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Virginia seeks to move on execution

In an early test of the Supreme Court’s willingness to let a number of states begin setting execution dates for death-row inmates, after an informal moratorium, Virginia officials on Wednesday asked permission to go forward with plans to use the lethal injection method in the case of Christopher Scott Emmett.  The state’s motion to vacate an existing stay can be found here.

Since the Court on April 16 ruled in a Kentucky case, Baze v. Rees (07-5439), that the lethal injection method is not unconstitutional at least as used in that state, it has not acted on any formal plea by a state for a chance to resume executions although it has denied review of inmate appeals from seven states.  A number of states have begun setting new execution dates in pending cases.

Emmett’s execution has been blocked by a Supreme Court order issued last Oct. 17, at a time when the Court was staying scheduled executions while it considered the Baze case. Emmett was sentenced to death in 2001 for murdering a co-worker in Danville, Va., and then robbing the victim of $100.

 Virginia’s attorney general argued that the Court’s stay should now be lifted, and any further delay should be considered, if at all, only by lower courts.  The Fourth Circuit Court has not ruled finally on Emmett’s latest challenge to Virginia’s execution procedure.  In fact, the Circuit Court last week  asked both sides to file new briefs by May 2 on the impact of the ruling by the Justices in Baze. A hearing in the Circuit Court is now set for May 14 in Richmond, VA (Emmett v Johnson, Circuit docket 07-18).

When the Justices imposed the stay in October, they did so “pending final disposition of the appeal” by the Circuit Court, or until “further order” of the Supreme Court. At the time, Emmett was asking the Supreme Court to bypass the Circuit Court so he could have his case reviewed directly by the Justices.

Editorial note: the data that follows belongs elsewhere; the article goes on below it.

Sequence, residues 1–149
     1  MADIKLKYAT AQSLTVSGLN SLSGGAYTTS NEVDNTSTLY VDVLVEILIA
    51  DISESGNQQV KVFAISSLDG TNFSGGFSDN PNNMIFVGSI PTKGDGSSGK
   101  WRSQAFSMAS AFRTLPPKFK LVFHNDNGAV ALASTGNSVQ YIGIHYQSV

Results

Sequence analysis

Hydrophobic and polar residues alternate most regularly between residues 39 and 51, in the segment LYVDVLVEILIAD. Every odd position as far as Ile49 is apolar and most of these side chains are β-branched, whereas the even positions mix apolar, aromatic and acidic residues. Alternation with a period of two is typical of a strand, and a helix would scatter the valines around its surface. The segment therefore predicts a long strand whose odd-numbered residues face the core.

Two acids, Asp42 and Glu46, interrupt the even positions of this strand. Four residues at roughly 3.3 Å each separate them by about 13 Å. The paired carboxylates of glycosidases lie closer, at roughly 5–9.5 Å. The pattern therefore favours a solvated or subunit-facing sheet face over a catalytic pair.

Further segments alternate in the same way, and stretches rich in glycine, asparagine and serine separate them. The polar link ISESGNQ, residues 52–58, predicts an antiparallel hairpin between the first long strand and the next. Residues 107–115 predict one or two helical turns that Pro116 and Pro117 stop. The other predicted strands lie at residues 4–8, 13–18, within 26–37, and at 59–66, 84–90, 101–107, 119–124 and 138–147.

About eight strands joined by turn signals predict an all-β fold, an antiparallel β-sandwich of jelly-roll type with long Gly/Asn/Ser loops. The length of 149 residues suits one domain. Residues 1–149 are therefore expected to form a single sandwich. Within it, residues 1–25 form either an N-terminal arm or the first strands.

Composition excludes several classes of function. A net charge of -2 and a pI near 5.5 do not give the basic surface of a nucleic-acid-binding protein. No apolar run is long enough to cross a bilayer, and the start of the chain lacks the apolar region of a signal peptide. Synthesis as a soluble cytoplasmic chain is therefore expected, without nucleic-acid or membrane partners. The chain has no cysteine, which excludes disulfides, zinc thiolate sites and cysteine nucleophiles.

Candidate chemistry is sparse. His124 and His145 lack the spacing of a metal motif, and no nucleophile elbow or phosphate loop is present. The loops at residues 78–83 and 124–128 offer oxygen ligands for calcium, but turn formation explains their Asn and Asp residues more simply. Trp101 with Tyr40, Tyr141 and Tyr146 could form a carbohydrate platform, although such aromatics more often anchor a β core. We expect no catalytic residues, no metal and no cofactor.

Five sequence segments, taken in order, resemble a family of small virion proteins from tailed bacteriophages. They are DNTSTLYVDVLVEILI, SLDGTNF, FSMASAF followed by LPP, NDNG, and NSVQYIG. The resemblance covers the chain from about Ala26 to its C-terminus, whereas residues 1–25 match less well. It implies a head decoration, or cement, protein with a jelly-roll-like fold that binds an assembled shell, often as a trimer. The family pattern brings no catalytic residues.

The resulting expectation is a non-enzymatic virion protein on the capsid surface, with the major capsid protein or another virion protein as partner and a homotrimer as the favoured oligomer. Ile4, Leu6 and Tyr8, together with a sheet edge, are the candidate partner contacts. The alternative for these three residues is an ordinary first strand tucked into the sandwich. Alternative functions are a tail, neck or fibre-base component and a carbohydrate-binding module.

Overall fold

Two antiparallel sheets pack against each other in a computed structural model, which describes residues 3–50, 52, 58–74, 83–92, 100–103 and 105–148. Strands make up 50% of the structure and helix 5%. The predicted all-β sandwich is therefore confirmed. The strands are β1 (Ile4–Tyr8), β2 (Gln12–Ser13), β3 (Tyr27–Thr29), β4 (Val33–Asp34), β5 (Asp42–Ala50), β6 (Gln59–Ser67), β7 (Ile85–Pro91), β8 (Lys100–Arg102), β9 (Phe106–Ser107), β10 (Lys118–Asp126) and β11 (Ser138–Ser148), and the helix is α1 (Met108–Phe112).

The new motion by the state noted that the Supreme Court, in Baze, had laid down strict new limits on when stays would be granted in any state using a lethal injection protocol.  “At the very least,” the state contended, “the Fourth Circuit should be required to make this determination, especially in a case from Virginia which employs lethal injection procedures virtually identical to those of Kentucky.”

While the Justices’ stay remains in effect, the state said, it “is unable even to set an execution date” that would then permit the Fourth Circuit to consider any stay request Emmett’s counsel then made.  “It therefore is essential that this Court vacate Emmett’s ‘Baze‘ stay,” the state argued.

Its motion was filed with Chief Justice John G. Roberts, Jr., who is Circuit Justice for the Fourth Circuit. He has the option of acting alone or of sharing the issue with his colleagues.  Emmett’s defense lawyer is expected to file shortly a response to the stay motion.